WASHINGTON (NBC) - On the heels of an historic victory for Democrats, President Bush announced his plan of action Wednesday. That plan begins with the replacing of controversial Secretary of Defense Donald Rumsfeld.
The president made the announcement today, and promised a fresh look at the war in Iraq. Of course the move comes after an election many expects labeled as a referendum on the war in Iraq. And voters made their feelings known.
Early into election night, it became clear: the Democrats were coming out on top. They easily won more than enough seats take control of the House for the first time in a decade.
And a presumptive victory late Wednesday in Virigina, was the final push Democrats needed to win control over the senate as well.
Virginia senator George Allen had been a strong backer of president Bush and the Iraq war. His projected defeat Wednesday night, and the projected election of Democrat Jim Webb that gives Democrats the controlling majority of the Senate, the day after they won the House, sealed yesterday's election disaster for President Bush.
His first move today was to replace Secretary of Defense Donald Rumsfeld with former CIA director Robert Gates.
Rumsfeld still brimmed with self confidence.
"I have benefited greatly from criticism, and at no time have I suffered a lack thereof" said Rumsfeld.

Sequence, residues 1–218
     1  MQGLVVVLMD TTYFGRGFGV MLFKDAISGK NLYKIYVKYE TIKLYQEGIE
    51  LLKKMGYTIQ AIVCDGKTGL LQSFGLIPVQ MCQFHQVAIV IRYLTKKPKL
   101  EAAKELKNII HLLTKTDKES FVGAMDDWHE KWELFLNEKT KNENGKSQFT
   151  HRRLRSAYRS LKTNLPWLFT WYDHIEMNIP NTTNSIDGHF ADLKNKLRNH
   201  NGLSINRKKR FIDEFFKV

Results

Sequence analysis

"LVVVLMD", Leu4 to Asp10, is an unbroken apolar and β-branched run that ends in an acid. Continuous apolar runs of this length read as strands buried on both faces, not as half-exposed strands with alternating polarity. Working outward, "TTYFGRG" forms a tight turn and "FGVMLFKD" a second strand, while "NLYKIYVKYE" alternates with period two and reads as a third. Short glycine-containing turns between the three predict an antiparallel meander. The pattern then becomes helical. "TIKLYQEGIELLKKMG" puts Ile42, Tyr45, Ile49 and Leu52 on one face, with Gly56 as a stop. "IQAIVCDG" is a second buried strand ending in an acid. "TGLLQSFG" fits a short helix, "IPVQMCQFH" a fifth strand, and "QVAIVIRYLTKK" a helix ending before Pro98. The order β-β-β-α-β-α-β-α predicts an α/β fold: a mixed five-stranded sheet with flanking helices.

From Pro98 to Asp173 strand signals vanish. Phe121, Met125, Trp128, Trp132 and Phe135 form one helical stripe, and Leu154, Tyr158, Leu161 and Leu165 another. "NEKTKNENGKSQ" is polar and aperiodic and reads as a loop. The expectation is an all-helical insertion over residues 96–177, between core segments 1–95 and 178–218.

Some generals called him arrogant, a micromanager, who refused to send enough troops to Iraq. The day after voters tossed out more than two dozen Republicans, giving control of the
House and the Senate to democrats, President Bush conceded that Iraq was the main reason... and the war's chief architect was gone.
"Secretary Rumsfeld and I agreed that the timing is right for new leadership at The Pentagon" said President Bush.
Democrats, Republicans and ex-military agreed.
"A signal that the president is willing to change direction finally in Iraq" said Senator Carl Levin, Democrat of Michigan.
"A fresh opportunity to examine all aspects of our strategy and tactics" said Senator John McCain of Arizona.
"I think it's extremely good news for all of us that are worried about 140,000 troops that are in combat in Iraq" said General Barry McCaffrey, US Army (Ret).
But as Rumsfeld exits, President Bush promises no quick withdrawal of American troops. And the commander-in-chief says winning in Iraq, remains his plan.
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